Support the Arctic Sea Ice Forum and Blog

Show Posts

This section allows you to view all posts made by this member. Note that you can only see posts made in areas you currently have access to.


Messages - Shared Humanity

Pages: [1] 2 3 ... 70
1
Arctic sea ice / Re: The 2019 melting season
« on: Today at 02:57:45 PM »
Let's hope that PIOMAS comes out with mid-month update so we get a clue about the damage.

I agree with both Neven and Friv that 2012 will be extremely unlikely to beat this year. IMO, that's not the real important thing whether we beat 2012 or not. Remember that 2012 strongly diverged from earlier years by the beginning of August when the strength of the sun is quickly vaning in the high Arctic. And it quickly refroze that fall. It's more concerning that we are getting open seas in (April) May and June, especially over deep seas, that can suck up tons of energy from the sun and delay freezing by fall and winter. I don't want to guess what kind of weather we'll get after next strong El Nino. Then we'll be in serious trouble!

I agree.

It is fun to watch the horse race to the annual minimum but the degradation of the Arctic ice is a long process and I find it far more interesting to watch this happen. The Bering has been opening up earlier and earlier and the effect has been to warm the waters so much through added insolation that it did not really freeze this past winter. This process is occurring in the Chulkchi, Beaufort, ESS and Laptev as well. The longer these seas remain open water, the more heat uptake. The freeze will occur later and the ice will be thinner after the subsequent freeze. Winter max for volume is the measure to watch IMHO.

Look at these peripheral seas in the basin. All are at or near their all time minimums for the date. These seas are melting out earlier and earlier and warming dramatically as a result. Even the CAA is near its minimum for the date which is due to the increasingly early clear out of the Amundsen Gulf which is more an extension of the Beaufort than it is a part of the CAA. This rapid melt in the CAA will slow dramatically as the straits will not melt out as quickly.

2
Arctic sea ice / Re: The 2019 melting season
« on: Today at 02:47:26 PM »
I'm in the 'unlikely', but not in the 'extremely unlikely' camp as of yet.
Wow that is saying something. Neven is usually the voice of restraint telling the newbies not to get carried away with our expectations.

How is "unlikely" getting carried away with his expectations. His expectations are that a new minimum is not going to happen.

3
Arctic sea ice / Re: "Stupid" Questions :o
« on: June 15, 2019, 08:55:41 PM »
You have to give LL credit. He is at least self aware enough to post his comments on this thread.

4
Arctic sea ice / Re: "Stupid" Questions :o
« on: June 15, 2019, 08:52:53 PM »
Isn't this why we are here, learning new stuff? :)
No, I am learning how to pontificate about things of which I know very little or nothing (trainee politician).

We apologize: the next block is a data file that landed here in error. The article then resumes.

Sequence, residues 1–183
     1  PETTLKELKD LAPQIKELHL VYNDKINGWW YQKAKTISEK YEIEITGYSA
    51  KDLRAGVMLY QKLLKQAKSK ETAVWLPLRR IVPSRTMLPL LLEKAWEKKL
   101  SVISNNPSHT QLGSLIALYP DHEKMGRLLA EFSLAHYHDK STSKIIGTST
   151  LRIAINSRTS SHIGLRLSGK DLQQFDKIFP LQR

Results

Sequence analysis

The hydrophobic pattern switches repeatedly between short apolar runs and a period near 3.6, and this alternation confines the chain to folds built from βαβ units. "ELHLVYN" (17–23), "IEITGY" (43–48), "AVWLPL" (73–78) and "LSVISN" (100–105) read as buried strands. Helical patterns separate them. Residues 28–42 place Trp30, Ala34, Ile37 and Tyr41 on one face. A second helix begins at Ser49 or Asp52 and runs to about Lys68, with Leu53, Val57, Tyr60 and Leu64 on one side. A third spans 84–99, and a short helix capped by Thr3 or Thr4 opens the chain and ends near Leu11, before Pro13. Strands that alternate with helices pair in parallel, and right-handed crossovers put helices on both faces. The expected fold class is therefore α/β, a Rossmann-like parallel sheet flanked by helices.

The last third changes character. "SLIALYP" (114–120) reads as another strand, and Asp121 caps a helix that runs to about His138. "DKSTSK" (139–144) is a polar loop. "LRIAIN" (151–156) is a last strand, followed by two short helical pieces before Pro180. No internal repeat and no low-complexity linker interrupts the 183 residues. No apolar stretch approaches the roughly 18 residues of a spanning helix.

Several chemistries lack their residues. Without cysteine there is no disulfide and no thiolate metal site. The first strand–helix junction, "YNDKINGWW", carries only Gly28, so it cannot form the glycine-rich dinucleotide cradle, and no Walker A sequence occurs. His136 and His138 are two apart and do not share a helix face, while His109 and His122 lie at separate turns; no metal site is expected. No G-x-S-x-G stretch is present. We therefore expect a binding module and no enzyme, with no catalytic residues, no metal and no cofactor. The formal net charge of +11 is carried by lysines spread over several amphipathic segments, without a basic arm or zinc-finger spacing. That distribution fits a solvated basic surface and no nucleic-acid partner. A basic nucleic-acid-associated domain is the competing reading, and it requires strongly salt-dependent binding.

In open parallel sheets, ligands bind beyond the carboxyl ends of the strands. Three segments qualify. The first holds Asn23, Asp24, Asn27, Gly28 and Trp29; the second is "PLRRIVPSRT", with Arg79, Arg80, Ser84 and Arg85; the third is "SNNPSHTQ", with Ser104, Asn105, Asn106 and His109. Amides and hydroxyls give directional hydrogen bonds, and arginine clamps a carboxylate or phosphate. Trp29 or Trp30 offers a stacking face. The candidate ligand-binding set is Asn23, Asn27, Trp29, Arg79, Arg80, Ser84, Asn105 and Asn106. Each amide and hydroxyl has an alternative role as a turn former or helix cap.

You're not doing a very good job. You should stick to something you're good at like delivering hard facts and observations that we can digest and discuss.

5
Arctic sea ice / Re: "Stupid" Questions :o
« on: June 15, 2019, 08:47:31 PM »
In my experience, the people who now say that we can't do anything about it are the same who 15 years ago said that the world wasn't warming and 10 years ago that is wasn't caused my humans.

If you are going to be wrong, you might as well be consistently wrong.

6
/vent on/

What is it about having a slew of new people show up in the forums, absolutely intent on telling all of us who've been watching the ice intently for many years, exactly how we've gotten it wrong(tm), and need to follow their better direction?

Color me tired of people long on wind and short on science and data.

/vent off/



Every year ...

I have a very specific way of dealing with this that works for me. When new people start posting, I read every comment very closely. It is usually easy to determine whether they have much to offer (on topic?, insightful?, probing questions?). For those who have little to offer, I just slide past what they write but will occasionally skim a comment to confirm it is not worth reading. Several here have now slipped comfortably into that category for me. You will know you are there when I never respond to anything you write.

7
Arctic sea ice / Re: The 2019 melting season
« on: June 15, 2019, 08:24:38 PM »
The MSLP of the cyclone currently spinning over Severnaya Zemlya was down to 976 hPa at 06:00 UTC this morning

Now 974 hPa:

Some pretty tight isobars directing ice into the Barents.

8
Arctic sea ice / Re: 2019 sea ice area and extent data
« on: June 15, 2019, 07:55:28 PM »

Area is dropping, which most probably indicates less ice is present.  Extent is growing, which means that ice is being more widely distributed through the seas.  It follows that this spreading ice is more likely to melt out even faster in the coming days and weeks (as the distributed floes come in contact with waters that have not been precooled by the melting of adjacent floes.) 

So this gain in extent, if it is real, is a warning sign for the future, and an ominous one.

I agree with everyone here. We are looking at a cliff.